The Art of Asking Questions

by Julie Claire on March 10, 2015

julie with tea living room adjusted smaller

I grew up being the one who was always asking questions. I live in questions. I love questions.

One of my favorite parts of being a professional coach is asking questions.  It’s really in my job description and I find there is an art to it—finding the questions that are useful, timely and opening.

I know with every ounce of my being:  Not all questions are created equal.  Some are wild goose chases and some get you right to where you want to go. 

Some questions go “ding”.  And some don’t.

Recently on a coaching call, I asked a coaching client to draw what her life looked like in the moment.  My question was:  “How big would she draw each part of her life?  She responded by drawing some simple shapes—circles– representing different parts of her life.

What she saw was that all of the circles were the same size.  She realized she had no priorities, no sense of what was or wasn’t really important.  She turned to me and said “no wonder I’m so stressed!”

Ding.

On the other hand, unhelpful questions can put you on a dead end road.  I call these the impossible questions. Impossible questions aren’t really worth your time at all.   They take you further into the mindset that created the dilemma, they bring you to more strategy and less intuition, they sometimes STOP you from any movement at all.

One example of this is when you’re absolutely exhausted, worn so thin you have no perspective at all and you find yourself asking a big life changing question like:  “Am I even good at my job? “

Whoa. Stop.  Before you start down this road.  This is what I call a time of “no evaluations allowed”–which means no evaluating questions either.

Sometimes a good question itself is more valuable than the answer.

When I was 19 on an internship in Washington D.C. (the most miserable summer of my life)  I was asked by someone I had just met—“Julie, are you happy?” To this day this questions remains as a beacon of light.  What changed my life in that moment was not the answer, but the realization that I had not been asking myself that question, no one had.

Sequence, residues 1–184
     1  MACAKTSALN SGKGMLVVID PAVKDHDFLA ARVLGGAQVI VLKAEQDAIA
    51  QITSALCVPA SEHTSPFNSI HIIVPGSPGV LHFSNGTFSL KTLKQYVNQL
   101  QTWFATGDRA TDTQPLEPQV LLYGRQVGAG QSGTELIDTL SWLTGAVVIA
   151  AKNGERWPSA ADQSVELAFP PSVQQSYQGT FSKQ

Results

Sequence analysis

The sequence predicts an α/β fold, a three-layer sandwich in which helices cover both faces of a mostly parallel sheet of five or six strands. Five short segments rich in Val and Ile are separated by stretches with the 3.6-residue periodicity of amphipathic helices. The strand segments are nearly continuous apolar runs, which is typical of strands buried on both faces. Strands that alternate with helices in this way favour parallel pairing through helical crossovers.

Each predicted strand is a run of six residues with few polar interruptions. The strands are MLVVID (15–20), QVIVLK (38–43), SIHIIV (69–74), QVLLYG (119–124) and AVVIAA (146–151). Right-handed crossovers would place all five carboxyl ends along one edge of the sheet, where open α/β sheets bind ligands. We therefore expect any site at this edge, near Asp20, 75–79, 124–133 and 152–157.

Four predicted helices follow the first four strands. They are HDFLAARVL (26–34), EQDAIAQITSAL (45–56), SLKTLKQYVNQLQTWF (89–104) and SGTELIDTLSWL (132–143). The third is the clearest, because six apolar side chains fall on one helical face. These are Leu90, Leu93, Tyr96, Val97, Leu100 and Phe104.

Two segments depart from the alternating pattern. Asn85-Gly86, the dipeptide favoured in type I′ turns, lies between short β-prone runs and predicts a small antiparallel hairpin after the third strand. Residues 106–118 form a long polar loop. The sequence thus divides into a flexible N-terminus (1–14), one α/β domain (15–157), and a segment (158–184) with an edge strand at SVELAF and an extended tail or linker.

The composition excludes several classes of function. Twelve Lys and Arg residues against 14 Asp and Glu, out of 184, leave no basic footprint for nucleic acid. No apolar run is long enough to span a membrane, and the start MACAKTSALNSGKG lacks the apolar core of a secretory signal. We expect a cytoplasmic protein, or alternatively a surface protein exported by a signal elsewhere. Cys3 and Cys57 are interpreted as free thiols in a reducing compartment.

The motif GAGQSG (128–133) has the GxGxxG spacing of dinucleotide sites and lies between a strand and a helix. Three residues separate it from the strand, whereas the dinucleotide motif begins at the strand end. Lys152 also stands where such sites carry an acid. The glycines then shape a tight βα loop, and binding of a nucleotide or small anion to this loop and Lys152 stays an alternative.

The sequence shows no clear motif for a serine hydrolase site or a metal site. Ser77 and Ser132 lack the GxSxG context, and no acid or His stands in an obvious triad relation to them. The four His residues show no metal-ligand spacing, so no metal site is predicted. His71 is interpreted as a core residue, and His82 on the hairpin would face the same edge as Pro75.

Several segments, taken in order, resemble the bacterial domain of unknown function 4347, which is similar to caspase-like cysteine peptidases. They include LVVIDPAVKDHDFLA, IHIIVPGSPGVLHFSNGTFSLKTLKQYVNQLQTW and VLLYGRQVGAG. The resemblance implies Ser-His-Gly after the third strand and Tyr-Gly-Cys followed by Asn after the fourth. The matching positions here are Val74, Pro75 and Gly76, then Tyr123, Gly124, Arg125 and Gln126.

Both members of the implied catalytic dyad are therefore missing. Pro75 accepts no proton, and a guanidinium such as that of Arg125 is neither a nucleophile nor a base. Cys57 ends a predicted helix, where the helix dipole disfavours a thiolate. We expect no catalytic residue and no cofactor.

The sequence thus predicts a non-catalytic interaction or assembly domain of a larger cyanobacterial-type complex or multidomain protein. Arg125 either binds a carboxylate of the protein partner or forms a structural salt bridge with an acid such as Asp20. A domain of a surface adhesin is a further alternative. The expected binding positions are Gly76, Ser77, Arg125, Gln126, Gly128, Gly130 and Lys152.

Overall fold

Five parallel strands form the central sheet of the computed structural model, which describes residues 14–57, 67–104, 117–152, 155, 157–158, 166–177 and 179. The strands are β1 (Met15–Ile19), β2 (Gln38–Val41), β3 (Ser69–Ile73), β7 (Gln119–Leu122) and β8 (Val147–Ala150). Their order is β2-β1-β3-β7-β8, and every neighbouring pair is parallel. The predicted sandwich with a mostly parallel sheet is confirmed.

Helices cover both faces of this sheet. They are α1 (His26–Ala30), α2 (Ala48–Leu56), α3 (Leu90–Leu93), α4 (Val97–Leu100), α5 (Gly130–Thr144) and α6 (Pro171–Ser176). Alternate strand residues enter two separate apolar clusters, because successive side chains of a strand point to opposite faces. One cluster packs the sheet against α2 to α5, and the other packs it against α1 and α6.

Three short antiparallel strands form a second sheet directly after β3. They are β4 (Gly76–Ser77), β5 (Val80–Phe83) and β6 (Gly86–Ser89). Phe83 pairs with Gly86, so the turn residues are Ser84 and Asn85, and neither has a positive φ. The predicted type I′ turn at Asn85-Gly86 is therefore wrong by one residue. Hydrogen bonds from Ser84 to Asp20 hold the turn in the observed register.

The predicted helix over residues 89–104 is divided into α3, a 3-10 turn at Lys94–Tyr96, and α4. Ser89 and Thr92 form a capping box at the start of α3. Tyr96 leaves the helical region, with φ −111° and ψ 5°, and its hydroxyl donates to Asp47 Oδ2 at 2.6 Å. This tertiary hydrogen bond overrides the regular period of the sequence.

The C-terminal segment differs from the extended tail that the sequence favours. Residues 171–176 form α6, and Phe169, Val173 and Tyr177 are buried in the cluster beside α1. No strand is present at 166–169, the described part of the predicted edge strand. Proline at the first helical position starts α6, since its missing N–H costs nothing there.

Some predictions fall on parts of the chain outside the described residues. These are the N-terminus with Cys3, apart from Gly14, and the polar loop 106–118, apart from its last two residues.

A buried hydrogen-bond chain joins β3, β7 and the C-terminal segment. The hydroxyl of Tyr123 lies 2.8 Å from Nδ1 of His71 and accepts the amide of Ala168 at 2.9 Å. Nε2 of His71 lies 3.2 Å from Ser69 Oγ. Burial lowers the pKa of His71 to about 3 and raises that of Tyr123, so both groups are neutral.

“Holy shit, how come this question has never even been in my Universe before?” This one question opened me up to a whole new slew of questions and a new beginning in life.

Qualities of a “ding” question:  

  • It gets you out of your mental loop- your stucknesss and opens up new ground.
  • The question itself is often not in the same emotional field as the problem.  “No problem can be solved from the same level of consciousness that created it.” Albert Einstein
  • It comes from a place of love, or perhaps irreverence, but definitely not from judgment.  Ask yourself if you are “with yourself” or “against yourself” as you ask the question.
  • Sitting with the question gives you as much or more than the answer.  And sometimes “I don’t know” is the most valid answer.

A good question can hang around for years, working its magic

Right now, if you were your closest friend and you were tired of hearing the same story over and over again, what question would you be willing to ask yourself?

 

 

 

 

 

 

 

{ Comments on this entry are closed }

Getting Physical with Paint

by Julie Claire on February 20, 2015

liz painting adjusted smaller copy

Tired of thinking? Need a break from working on “yourself”? Feel like “moving your energy”?

 

Picking up a paintbrush with the intention of moving and being physical can be a wonderful way to enter into your creative process and leave thinking behind altogether.

 

One of the gifts of intuitive painting is that there is no formula, no one way to paint. We don’t have to always make “meaning”, or even images. Sometimes you may simply want to play with physical movement and experience the sensuality of paint and canvas.

 

The visceral experience of painting can include the act of smearing, scraping or brushing the paint. And then there is the smell of paint…and the sound of the palette knife against the canvas/through the layers of paint. And how the paint feels on your hands and fingers.

There can actually be a bit of bliss getting your hands wet with paint.

hand photo adjusted smaller copy 2

We can paint through the body and experience kinesthetic joy.

 

The body knows how to move, and paint knows how to flow. Sometimes you may find that by letting go of intentionality and understanding altogether you will be led through the world of color and into a mysterious kind of spontaneous play.

 

Into the woods you go…

 

Some tips for painting from your body:

  • Use a bigger brush (2”, 3”…..)